Bob Myer writes:

Yesterday evening, I decided to drive the hour to Dallas so that I could take part in the Tea Party.  I am nearly 40 years old and had never taken part in a protest of any type.  I’m not really the “protesting” type – there is, I think, a stereotype protestor, one who screams slogans (mostly cheesy rhymes) and carries signs printed by organizations which the protestor is largely, and pitifully, ignorant of.  The group I joined outside of Dallas City Hall was not the stereotypical bunch.

Most folks who had signs which they had obviously made themselves.  There were not, as far as I could tell, any mass produced signs, though there were t-shirts aplenty.  “Don’t Tread On Me” shirts were ubiquitous, and I must admit to seeking out the stand which sold them.  I never did find it.  Some folks even had “Right Wing Extremist” shirts, the product of a little quick, industrious work by some local shirt screener.  There were also no cheesy slogans; no bullhorn-lead chants.  While most people stood, there were lots of people with lawn chairs; about a third of the crowd were sitting and listening to the speakers.  In fact, most of the crowd was listening to the speakers.

Outside of Mark Davis, a local radio host, I did not recognize most of the speakers.  Some were from politically active groups, which is to be expected.  But not one elected official was up to speak.  The logic being, I suppose, that the electorate hears elected officials all of the time; this was a time for them to hear the electorate, the “regular” folks.  One speaker was a mother of two (if I remember correctly) who talked about the decisions she made to work hard instead of joining the welfare rolls.  Her story met with great applause, which was to be expected, given the crowd and its purpose.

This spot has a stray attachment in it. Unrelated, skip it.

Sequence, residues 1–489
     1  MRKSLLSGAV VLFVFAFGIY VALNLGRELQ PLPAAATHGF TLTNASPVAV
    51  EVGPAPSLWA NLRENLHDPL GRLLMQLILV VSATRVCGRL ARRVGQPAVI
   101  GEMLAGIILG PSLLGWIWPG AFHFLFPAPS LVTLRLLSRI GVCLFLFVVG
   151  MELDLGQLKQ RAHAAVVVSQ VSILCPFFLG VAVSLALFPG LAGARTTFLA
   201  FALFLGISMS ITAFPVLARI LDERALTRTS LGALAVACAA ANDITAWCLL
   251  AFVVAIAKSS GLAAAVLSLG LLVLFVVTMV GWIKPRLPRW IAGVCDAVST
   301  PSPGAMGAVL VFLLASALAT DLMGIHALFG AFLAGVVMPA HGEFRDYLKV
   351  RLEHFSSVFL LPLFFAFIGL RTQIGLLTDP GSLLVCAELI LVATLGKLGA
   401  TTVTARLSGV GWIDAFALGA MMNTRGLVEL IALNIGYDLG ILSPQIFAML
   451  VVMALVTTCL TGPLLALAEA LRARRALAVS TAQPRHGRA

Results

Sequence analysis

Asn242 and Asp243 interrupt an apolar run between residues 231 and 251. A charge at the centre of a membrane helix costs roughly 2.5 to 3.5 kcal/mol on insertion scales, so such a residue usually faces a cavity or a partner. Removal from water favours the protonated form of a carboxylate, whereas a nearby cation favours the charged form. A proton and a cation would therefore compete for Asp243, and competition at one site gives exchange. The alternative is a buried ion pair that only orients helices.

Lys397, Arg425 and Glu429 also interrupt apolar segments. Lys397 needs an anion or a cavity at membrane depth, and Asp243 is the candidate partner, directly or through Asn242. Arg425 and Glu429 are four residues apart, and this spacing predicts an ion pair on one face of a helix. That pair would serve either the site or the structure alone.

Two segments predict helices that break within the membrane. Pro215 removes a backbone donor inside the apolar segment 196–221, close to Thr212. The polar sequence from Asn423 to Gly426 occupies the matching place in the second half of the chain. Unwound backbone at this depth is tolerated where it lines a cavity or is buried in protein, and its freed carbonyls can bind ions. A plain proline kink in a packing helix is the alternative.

One thing which one might not expect, though I certainly did, was that this was no partisan gathering.  Republicans were skewered along with Democrats.  Indeed, even Texas native President George W. Bush was derided for his big government approach, in particular the bail-outs and No Child Left Behind.

And that is one thing that folks who just dropped by or drove by might not understand, and perhaps something that the media chooses to not understand.  This rally was not, in my mind, against all taxation.  It was anti big government.  The most tangible symptoms of big government (so far) are various taxes.  It is a bridge too far to believe that the recent federal mega-spending spree will not, at some point, result in much higher taxes for everyone, not just the supposed “rich”.  What’s more, as the federal government doles out money created from the ether, a growing number of people realize that the strings attached to that money are quite real, quite entangling.  The more states and localities are bound though largesse to the federal government, the more the electorate will find itself limited in its freedom.  Restrictions, constraints roll downhill.

People are beginning to understand that, and they are growing uncomfortable.  Many are realizing that their tax dollars are funding the very policies and practices which limit their freedom.  There is nothing partisan about it.  Or perhaps there is, but not under the Democrat / Republican rubric under which we all supposedly fall.

Bob Myer blogs at http://www.mindofflapjack.blogspot.com/
Joseph Finlay writes: